Results 1 to 7 of 7
    • Member Info
      • Native Language:
      • Indonesian
      • Home Country:
      • Indonesia
      • Current Location:
      • Australia

    • Join Date: Sep 2010
    • Posts: 54
    #1

    Is/was designed - Passive voice

    Hi teachers,

    Pardon me, I don't know how to begin so I'll just jump straight to my question.

    Speaking in passive voice and even when referring to the present, does the tense of a sentence depend on the age of the subject?

    For example:

    1). The Empire State Building (is or was) designed to withstand high wind speeds.

    2). Apple's all-new iPad (is or was) designed to be thinner, lighter and faster than the previous version.


    I would of course use "is" in speech for sentence two because the new iPad has only been announced recently.

    However, I'm not sure which one is the right choice for sentence 1 because the Empire State Building is still standing in New York City, but the construction ended in 1931.


    Thank you.
    Robert
    Last edited by RobertT; 06-Mar-2011 at 14:20.

  1. engee30's Avatar
    • Member Info
      • Native Language:
      • Polish
      • Home Country:
      • Poland
      • Current Location:
      • England

    • Join Date: Apr 2006
    • Posts: 2,969
    #2

    Re: Is/was designed - Passive voice

    That reminds me of historic present, allowing the speaker to talk about past events in a more vivid way instead of using the past simple tense.

    • Member Info
      • Native Language:
      • Indonesian
      • Home Country:
      • Indonesia
      • Current Location:
      • Australia

    • Join Date: Sep 2010
    • Posts: 54
    #3

    Re: Is/was designed - Passive voice

    Quote Originally Posted by engee30 View Post
    That reminds me of historic present, allowing the speaker to talk about past events in a more vivid way instead of using the past simple tense.
    Just one of many aspects of English that teachers just don't teach at language centre and I wonder why.

  2. Barb_D's Avatar
    • Member Info
      • Native Language:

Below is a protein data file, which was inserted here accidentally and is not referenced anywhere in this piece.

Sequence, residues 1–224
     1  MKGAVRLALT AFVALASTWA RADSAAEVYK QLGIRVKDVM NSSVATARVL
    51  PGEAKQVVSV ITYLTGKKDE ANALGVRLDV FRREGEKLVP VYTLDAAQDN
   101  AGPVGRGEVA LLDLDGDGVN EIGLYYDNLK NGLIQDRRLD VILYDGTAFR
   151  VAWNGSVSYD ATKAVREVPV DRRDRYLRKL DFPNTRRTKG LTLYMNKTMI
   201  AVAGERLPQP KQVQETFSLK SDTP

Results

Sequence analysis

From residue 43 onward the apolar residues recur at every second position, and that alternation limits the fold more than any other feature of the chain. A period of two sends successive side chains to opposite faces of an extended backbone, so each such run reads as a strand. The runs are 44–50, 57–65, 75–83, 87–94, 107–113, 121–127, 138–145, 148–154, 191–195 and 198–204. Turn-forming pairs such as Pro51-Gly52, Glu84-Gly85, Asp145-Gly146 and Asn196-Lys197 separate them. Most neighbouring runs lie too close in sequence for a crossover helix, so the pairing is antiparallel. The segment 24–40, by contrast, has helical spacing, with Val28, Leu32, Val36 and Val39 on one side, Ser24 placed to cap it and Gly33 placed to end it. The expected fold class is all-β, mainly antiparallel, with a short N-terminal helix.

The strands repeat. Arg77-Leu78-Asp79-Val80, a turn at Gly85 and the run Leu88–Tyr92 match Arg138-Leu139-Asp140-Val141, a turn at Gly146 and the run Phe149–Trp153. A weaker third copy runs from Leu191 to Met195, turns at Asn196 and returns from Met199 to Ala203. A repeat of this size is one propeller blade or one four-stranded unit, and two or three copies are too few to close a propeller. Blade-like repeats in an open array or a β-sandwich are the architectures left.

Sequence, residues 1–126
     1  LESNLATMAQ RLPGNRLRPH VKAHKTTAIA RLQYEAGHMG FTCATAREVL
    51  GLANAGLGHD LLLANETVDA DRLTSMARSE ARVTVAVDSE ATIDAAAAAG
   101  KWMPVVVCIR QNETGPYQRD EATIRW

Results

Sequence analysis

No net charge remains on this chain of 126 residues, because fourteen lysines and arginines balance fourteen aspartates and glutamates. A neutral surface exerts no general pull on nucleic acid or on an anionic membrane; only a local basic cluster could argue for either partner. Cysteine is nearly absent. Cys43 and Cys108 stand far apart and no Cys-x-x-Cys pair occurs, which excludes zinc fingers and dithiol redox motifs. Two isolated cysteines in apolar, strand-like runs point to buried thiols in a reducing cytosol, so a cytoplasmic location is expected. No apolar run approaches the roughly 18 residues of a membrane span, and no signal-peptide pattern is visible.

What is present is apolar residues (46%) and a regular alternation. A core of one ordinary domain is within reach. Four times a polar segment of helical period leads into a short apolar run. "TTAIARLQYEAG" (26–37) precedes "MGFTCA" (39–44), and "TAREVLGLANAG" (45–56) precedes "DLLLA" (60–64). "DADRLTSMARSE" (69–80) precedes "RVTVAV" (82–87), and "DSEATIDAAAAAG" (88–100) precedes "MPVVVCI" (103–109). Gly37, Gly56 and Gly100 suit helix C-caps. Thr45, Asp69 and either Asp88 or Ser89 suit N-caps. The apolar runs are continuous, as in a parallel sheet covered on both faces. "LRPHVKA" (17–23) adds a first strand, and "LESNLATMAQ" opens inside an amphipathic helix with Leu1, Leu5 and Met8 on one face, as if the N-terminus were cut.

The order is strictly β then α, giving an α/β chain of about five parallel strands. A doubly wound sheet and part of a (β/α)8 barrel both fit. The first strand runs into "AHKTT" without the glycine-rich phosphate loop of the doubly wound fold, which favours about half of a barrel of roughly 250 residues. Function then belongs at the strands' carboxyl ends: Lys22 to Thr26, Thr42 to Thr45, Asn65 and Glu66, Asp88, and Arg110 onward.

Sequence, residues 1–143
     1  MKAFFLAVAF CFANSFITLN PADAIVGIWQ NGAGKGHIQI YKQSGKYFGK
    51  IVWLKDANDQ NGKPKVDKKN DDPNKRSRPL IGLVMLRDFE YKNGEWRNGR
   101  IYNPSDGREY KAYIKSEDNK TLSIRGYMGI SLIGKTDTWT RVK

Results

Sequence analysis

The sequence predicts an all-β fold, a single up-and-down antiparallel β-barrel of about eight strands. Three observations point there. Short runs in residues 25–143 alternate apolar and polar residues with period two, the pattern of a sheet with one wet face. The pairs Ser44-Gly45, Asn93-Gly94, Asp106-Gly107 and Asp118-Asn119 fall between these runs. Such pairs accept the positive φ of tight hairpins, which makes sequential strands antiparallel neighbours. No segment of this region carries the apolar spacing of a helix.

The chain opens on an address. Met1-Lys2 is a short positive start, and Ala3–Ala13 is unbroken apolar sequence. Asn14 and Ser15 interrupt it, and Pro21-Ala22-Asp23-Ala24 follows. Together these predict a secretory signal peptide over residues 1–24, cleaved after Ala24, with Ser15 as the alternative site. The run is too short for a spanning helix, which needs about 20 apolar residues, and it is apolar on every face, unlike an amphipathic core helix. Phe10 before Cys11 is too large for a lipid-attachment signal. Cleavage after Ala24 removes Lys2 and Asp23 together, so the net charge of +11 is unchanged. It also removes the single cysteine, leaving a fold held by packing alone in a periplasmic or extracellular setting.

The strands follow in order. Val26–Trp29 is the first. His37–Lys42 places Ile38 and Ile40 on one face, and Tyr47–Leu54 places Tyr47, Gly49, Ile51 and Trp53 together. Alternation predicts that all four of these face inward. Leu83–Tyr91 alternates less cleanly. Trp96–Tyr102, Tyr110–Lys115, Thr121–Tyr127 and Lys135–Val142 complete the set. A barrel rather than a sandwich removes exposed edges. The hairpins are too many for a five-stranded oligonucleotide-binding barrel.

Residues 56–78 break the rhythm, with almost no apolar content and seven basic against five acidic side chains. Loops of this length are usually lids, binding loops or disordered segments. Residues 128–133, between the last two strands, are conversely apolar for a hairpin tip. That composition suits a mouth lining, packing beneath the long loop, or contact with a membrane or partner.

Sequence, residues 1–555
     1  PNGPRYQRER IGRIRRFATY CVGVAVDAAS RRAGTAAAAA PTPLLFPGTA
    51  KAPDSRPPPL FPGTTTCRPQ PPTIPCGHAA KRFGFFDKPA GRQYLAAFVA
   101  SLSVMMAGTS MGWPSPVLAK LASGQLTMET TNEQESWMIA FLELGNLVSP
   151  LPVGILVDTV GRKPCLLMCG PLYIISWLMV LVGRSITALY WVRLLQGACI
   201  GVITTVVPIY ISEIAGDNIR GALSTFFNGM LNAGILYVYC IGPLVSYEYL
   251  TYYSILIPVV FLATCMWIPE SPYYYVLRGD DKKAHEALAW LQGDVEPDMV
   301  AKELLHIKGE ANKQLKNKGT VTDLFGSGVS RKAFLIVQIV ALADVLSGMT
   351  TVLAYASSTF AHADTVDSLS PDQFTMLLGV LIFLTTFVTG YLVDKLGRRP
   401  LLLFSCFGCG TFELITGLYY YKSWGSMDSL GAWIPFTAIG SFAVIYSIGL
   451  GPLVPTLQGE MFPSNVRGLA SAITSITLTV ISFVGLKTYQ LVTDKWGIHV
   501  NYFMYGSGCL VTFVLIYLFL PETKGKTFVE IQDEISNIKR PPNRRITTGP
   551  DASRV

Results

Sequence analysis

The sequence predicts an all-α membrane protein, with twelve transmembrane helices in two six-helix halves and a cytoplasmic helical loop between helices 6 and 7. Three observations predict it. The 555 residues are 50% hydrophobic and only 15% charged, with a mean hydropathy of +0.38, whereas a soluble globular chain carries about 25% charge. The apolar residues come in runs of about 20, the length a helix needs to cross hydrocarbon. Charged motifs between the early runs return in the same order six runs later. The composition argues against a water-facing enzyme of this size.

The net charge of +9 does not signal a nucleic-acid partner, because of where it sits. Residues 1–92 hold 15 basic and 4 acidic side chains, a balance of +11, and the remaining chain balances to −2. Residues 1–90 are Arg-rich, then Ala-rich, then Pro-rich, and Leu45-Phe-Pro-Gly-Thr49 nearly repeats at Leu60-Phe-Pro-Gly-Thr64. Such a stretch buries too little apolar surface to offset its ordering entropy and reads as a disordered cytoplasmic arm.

• American English
      • Home Country:
      • United States
      • Current Location:
      • United States

    • Join Date: Mar 2007
    • Posts: 19,218
    #4

    Re: Is/was designed - Passive voice

    I would use "was" for both of those -- the design process is past.
    I'm not a teacher, but I write for a living. Please don't ask me about 2nd conditionals, but I'm a safe bet for what reads well in (American) English.

    • Member Info
      • Native Language:
      • English
      • Home Country:
      • United States
      • Current Location:
      • United States

    • Join Date: Dec 2009
    • Posts: 6,332
    #5

    Re: Is/was designed - Passive voice

    Quote Originally Posted by RobertT View Post
    Hi teachers,

    Pardon me, I don't know how to begin so I'll just jump straight to my question.

    Speaking in passive voice and even when referring to the present, does the tense of a sentence depend on the age of the subject?

    For example:

    1). The Empire State Building (is or was) designed to withstand high wind speeds.

    2). Apple's all-new iPad (is or was) designed to be thinner, lighter and faster than the previous version.


    I would of course use "is" in speech for sentence two because the new iPad has only been announced recently.

    However, I'm not sure which one is the right choice for sentence 1 because the Empire State Building is still standing in New York City, but the construction ended in 1931.


    Thank you.
    Robert

    ***** NOT A TEACHER *****


    Robert,


    (1) I found this statement from Professor Otto Jespersen:

    ... the combination of is + the past participle is still freely

    used in all those cases in which we think more of the

    resulting state than of the action.